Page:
The Allegory of the Cave
In Plato's "The Allegory of the Cave," Socrates tells an allegory of the hardship of understanding reality. He compares a prisoner of an underground cave who is exploring a new world he never knew, with people who are trying to find a place of wisdom in reality.
According to Socrates, most people tend to rely on their senses too much and they believe the world as it is appeared to our sight. In order to free our souls from this mental prison, Socrates suggests that we should go through a phase that does not only prepare ourselves for the real world but also prevent us from heading to the wrong direction to seek the truth - education.
In conclusion, Socrates believes those who have reached a higher level of knowledge and wisdom should bear a responsibility to lead the community and improve it because they are blessed with better education and able to enjoy a different reward than the power, to control others like most politicians do.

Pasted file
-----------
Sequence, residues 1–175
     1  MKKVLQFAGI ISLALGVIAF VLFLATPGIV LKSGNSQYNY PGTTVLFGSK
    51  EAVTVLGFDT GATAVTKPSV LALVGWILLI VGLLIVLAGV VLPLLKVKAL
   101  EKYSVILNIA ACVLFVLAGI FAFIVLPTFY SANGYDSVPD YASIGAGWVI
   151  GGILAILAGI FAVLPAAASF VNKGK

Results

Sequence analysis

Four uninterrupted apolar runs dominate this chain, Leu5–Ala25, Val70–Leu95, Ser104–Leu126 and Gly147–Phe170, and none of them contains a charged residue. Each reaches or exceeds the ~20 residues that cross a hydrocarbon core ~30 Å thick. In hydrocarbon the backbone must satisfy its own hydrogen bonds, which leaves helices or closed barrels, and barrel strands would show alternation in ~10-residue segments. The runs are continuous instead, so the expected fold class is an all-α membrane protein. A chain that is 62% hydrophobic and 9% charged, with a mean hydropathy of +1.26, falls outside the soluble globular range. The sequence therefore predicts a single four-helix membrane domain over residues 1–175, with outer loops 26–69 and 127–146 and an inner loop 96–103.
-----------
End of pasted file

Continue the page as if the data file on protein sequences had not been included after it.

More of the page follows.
Two thousand years after Plato has written down the allegory, it is amazing how we can still relate it to our everyday lives. As Plato wrote in "The Allegory of the Cave," education is a very important phase that leads us to wisdom and helps us to get accustomed to the real world with less difficulty. Apparently, this theory has proven to be correct for the past two thousand years. Until today, those of higher wisdoms are mostly people who have mastered thorough and solid education; and they certainly have become the leaders of the community who share their knowledge and enlighten many people.
We can also find Plato's theory on rulers of countries relevant to the world today. When it comes to the time of presidential election, voters usually look closely at each candidate's educational background and also their every address to decide which is wiser and is more likely to make some improvements to the...
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